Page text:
Pourquoi donc ne boirions nous pas ?” It was not only in the case of Greek authors that Shakespeare gladly availed himself of translations, for, as Farmer shows, in many instances where it would have been easy for him to consult the Latin originals he preferred having recourse to English translations, as is the case, for example, with Prospero's address to his attendant spirits in the “Tempest.”

“Ye elves of hills, of standing lakes, and groves,” which Warburton took to be copied from Ovid, but which a comparison of texts clearly proves to be borrowed not from the Latin poet but from the English translation by Arthur Golding in 1567.

Farmer makes some very sensible remarks on the subject of Shakespeare's frequent allusions to classical fables and memories. To infer from these allusions that Shakespeare had read Ovid, Virgil, and Homer, at any rate in English, and had himself drunk at the fountain


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head of Greek and Latin antiquity, is a quite uncalledfor conclusion. The literature of the Middle Ages and of the Renaissance had popularized all the legends of antiquity, and turned them into current coin long before translations of Greek authors were in people's hands. To quote an example, Shakespeare, in the “Midsummer Night's Dream,” happens to mention Dido, and thereupon commentators carefully point out that there was no translation of Virgil's “ Æneid ” in Shakespeare's time. But what does that matter? “ The fate of Dido had been sung very early by Gower, Chaucer, and Lydgate ; Marlowe had even already introduced her to the stage.

Another passage in the “Midsummer Night's Dream shows that Shakespeare knew of the distinction made by Ovid between Cupid's two sets of arrows, some of them being pointed with lead, and others with gold; and again the question arises whether he derived this directly from Ovid, in either Latin or English. He may possibly have done so, but still such a conclusion is perfectly unnecessary, as “Cupid's arrows appear with their characteristic differences in Surrey, in Sidney, in Spenser, and in every sonneteer of the Elizabethan period.” Later on, Voltaire, when he in his turn inherited the tradition, thus describes them in the first scene of “ Nanine":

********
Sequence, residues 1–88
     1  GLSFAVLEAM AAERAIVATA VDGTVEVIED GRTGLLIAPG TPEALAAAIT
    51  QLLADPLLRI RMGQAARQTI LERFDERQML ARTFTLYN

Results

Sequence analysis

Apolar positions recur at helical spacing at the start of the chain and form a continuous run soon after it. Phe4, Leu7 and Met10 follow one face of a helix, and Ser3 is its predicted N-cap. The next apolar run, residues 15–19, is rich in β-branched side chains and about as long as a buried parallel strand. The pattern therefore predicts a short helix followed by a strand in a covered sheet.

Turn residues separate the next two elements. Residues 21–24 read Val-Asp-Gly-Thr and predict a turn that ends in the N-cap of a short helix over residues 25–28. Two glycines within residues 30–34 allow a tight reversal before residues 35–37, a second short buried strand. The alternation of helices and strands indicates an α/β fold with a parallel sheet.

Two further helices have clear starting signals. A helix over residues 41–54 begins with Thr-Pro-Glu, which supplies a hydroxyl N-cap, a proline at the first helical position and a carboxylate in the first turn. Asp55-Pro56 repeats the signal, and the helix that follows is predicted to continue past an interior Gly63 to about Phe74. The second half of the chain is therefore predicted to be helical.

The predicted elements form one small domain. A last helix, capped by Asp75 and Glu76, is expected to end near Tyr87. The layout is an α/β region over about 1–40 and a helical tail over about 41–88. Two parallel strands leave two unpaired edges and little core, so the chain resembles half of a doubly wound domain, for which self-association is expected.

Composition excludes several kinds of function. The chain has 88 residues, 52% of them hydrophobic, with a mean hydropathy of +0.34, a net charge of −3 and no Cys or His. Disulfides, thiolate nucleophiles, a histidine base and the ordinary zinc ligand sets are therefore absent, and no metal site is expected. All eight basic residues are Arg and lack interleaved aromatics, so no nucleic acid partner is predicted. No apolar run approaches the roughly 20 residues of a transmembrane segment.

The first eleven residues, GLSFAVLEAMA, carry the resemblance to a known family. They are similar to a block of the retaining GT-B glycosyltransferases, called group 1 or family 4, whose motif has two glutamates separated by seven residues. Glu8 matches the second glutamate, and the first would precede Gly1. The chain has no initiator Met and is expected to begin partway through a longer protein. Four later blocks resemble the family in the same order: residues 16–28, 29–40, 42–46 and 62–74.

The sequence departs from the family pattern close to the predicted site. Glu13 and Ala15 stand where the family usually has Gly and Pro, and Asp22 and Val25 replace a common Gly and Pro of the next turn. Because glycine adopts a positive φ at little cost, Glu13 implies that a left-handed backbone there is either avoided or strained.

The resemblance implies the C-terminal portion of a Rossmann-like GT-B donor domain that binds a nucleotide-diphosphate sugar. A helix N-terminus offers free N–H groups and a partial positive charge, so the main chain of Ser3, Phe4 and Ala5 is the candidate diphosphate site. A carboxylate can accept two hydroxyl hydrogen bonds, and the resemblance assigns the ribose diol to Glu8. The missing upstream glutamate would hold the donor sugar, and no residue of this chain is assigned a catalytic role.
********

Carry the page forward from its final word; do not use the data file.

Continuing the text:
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Je vous l'ai dit, l'amour a deux carquois :

L’un est rempli de ces traits tout de flamme
Dont la douceur porte la paix dans l'âme,
Qui rend plus purs nos goûts, nos sentiments,
Nos soins plus vifs, nos plaisirs plus touchants;
L'autre n'est plein que de flèches cruelles,
Qui, répandant les soupçons, les querelles,
Rebutent l'âme, etc.".

The conclusions that Dr. Farmer draws are, however, exaggerated, and overstep his premisses ; he is of opinion

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that he has proved that Shakespeare knew neither Greek nor Latin, but in reality he has only shown that the poet made use of translations from both languages as much as possible, and besides this, that independently of any translations, much of his classical knowledge may have been culled from the literature of the Middle Ages and of the Renaissance)

In criticising Shakespeare's attainments, Dr. Farmer fell into the egregious folly of speaking in a strain of impertinent conceit; it is as if the little man—for little he must assuredly have been-was eaten up with vanity, and was bursting to show that he knew more of Greek and Latin than Shakespeare did.

Of the same order of research and of the same spirit was another equally famous work that appeared in the eighteenth century—“ Illustrations of Shakespeare,” containing an essay “On the Anachronisms and some other Incongruities of Shakspere," by Francis Douce. In this big book, bristling with erudition but devoid of talent, and very foolish and irreverent towards Shakespeare, the poet's historical and geographical blunders are pointed out with pedantic and ponderous care, and without the least understanding of the subject; but an inquiry into Shakespeare's anachronisms, and the further criticism of Douce's book, must be reserved for another chapter.

When Shakespeare was looked upon as an “intoxicated savage,” his literary learning was, naturally enough, held in small esteem, and rated lower than it really deserved; but when a complete revolution in opinion was introduced by Schlegel and Coleridge, who proclaimed that he must no longer be regarded as a mere child of nature, but as a wise and enlightened artist knowing perfectly what he was about, people fell into the opposite extreme, and entertained the most extravagant notions as to the extent and depth of his acquirements. Our own century has discovered that Shakespeare